Community Thoughts: The First
Posted on August 30, 2013
This is in response to someone’s blog post that I just read. I tend to see unlinked posts as passive-aggressive and one-sided. But a lot of what was written really bugged the hell out of me. I won’t link to that site as it is bad enough that I have already given it traffic. I do not want to send any more if I can help it.
Since the article itself deals with the sometimes turbulent nature of the Pagan Community, I thought I’d approach it from that angle. It seems community is the theme of 2013.
I make it a habit not to critique communities that I willingly set myself apart from. If I know the history of a community, or the actions of that community affect me as I experience it, then I shall enter into the dialogue about it. For instance, while I am not a Christian, a lot of Christian policy and dogma affects me as a Pagan. Not only that, I have some knowledge of Christian history and less knowledge of Christian theology. I cannot say the same for, say, African tribal religions.
The Pagan community is relatively diverse, as I have previously mentioned in an earlier post. It is a large term that is in the midst of an identity crisis. Paganism is growing, minorities within the community are expanding to the point where the older paradigms are no longer appropriately applied to the whole, easily. This is going to be a larger post, so I won’t get into it at as much of a length as I’d like to, here.
What are some of these paradigms?
As I see it, some of the few assumptions on and from the community that can lead to chafing (and people eventually leaving) are:
- All Pagans follow the Celtic wheel of the year (or even an agrarian calendar).
- Wiccan or Wiccan-themed rituals are the default rituals for non-denominational (non-specific) Pagan practices, or are good enough to be.
- The majority of the Pagan faiths believe that all gods and goddesses come from “one source” (pantheism/pandeism/monopolytheism/monism/whatever). Or, “all gods are one God, all goddesses are One goddess” (dualism).
- Perceived irreverence and appropriationist tendencies; eclecticism as a dirty word, coopting without academic or theological investiture, etc.
- All Pagans follow the Rede and the Three-fold law of return.
- All Pagans practice spellwork and magic.
- Lack of cohesive values; slippery theology.
And there are others. Part of the reason why I’m still here is to try to correct these mistakes and open up the idea of a more pluralistic form of Paganism. I’m here because I don’t want the community to be associated carte blanche with the above list. But these are some of the most common that I have run across.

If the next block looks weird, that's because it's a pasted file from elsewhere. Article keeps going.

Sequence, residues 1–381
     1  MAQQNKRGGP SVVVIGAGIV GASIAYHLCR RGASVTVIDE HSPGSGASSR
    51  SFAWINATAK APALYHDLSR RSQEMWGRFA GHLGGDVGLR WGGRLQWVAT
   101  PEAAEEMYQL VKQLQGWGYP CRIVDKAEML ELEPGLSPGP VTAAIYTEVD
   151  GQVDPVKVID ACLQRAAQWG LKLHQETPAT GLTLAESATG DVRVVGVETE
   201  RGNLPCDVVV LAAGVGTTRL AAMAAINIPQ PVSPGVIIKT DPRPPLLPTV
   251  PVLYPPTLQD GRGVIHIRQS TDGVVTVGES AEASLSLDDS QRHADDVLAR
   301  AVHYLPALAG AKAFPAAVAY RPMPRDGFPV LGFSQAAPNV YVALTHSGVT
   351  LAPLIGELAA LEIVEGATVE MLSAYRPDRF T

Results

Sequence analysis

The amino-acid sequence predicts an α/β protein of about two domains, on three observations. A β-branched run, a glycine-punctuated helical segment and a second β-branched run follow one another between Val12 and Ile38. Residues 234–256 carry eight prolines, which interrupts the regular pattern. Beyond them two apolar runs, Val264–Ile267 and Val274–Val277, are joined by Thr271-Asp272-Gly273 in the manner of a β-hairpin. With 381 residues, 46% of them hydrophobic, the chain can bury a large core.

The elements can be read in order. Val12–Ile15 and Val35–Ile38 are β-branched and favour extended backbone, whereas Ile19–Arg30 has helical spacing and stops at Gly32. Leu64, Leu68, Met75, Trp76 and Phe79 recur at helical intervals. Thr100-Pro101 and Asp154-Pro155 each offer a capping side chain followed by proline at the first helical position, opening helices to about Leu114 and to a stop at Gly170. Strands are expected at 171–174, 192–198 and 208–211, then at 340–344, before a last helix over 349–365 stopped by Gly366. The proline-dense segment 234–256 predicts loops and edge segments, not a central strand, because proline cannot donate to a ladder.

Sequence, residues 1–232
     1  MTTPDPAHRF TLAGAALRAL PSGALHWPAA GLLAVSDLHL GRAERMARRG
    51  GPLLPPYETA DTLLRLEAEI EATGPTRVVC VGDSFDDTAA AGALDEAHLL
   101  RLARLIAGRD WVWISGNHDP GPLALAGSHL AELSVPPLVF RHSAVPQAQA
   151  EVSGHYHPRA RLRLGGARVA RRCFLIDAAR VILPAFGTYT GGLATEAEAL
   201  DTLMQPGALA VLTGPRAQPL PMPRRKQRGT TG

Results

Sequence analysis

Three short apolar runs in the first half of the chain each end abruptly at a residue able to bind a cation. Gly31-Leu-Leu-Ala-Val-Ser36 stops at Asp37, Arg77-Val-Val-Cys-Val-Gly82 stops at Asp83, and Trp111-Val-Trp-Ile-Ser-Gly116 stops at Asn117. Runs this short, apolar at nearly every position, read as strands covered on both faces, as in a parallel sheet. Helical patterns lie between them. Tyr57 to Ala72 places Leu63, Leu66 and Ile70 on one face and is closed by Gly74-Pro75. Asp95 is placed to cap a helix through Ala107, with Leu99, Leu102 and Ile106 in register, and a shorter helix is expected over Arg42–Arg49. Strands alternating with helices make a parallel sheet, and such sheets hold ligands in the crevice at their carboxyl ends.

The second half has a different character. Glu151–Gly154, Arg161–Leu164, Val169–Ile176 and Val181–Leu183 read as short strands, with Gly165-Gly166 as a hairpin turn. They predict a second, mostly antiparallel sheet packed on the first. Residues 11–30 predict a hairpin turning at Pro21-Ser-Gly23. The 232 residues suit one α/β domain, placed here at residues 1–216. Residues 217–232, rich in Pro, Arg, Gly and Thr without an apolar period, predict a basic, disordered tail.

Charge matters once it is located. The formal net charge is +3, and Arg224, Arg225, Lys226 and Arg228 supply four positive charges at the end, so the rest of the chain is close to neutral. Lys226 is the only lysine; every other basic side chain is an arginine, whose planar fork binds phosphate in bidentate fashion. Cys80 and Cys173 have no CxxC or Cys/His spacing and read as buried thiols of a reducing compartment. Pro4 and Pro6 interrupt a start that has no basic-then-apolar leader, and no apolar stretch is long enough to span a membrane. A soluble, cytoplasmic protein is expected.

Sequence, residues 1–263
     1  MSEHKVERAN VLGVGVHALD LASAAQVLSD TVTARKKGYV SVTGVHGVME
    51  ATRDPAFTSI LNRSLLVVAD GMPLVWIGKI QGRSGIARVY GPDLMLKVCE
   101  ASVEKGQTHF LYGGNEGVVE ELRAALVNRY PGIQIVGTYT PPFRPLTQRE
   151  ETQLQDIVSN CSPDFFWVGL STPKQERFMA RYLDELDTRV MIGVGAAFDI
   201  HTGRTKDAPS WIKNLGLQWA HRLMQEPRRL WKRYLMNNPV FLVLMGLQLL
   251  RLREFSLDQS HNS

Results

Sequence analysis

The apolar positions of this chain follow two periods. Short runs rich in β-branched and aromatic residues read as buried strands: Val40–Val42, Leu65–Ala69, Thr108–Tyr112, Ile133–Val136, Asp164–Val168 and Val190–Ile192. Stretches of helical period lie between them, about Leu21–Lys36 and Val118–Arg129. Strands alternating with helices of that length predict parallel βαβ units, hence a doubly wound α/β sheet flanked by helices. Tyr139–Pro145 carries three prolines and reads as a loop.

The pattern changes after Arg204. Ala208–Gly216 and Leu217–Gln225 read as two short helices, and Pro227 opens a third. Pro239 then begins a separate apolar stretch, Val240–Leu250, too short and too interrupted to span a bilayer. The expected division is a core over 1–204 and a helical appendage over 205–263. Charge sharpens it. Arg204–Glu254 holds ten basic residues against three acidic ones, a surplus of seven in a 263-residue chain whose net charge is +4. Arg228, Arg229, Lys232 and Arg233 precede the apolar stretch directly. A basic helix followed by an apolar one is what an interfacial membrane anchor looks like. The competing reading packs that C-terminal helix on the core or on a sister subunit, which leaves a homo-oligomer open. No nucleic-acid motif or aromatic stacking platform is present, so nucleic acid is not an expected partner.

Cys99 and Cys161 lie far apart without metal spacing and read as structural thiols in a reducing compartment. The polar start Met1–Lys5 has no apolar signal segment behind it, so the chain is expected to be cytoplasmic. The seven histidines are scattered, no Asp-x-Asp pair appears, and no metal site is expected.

But, here’s the thing about a community – especially if you find yourself outside of it. If, at any time, you no longer feel like you are right being there you are under no obligation to continue to partake in it. If, under some deep soul-searching, you have come to the decision that you are, in fact, not comfortable being in the Pagan community, you don’t need to be. Don’t go. It’s that simple.
If you don’t want to accept a friend’s invitation to go to a local Pagan Pride? Don’t. Don’t pretend that you’re doing it for someone else’s benefit. And if you are going to go for someone else, if you’re going to be at a place that puts you out, spiritually, for someone else’s benefit? Then grit your teeth, be honorable, and do it. I’m not comfortable even stepping inside a Christian Church. But I did last August to be part of my friend’s Catholic wedding. And you didn’t hear me complaining about it.
If you’re under invitation to go to a festival, or gathering, and it doesn’t speak to you? Don’t go. I wrote about how I felt while attending an Ostara ritual earlier this year. I feel that part of my disturbance with that experience came from the fact that I was unprepared to take a semi-central role to the religious performance. Not only was I unable to prepare myself for being in public, but it didn’t speak to me. That’s fine. It felt fake to me. That is fine, too.
What would also be fine would be turning down the next invitation for those reasons.
But what I do know is making scathing, unhelpful critiques about a community isn’t going to help anything. I’ve learned this: that I’d like to try to offer opinions on how to move forward, instead of being stuck in the issues. Work around them, work through them, work for the betterment of the situation.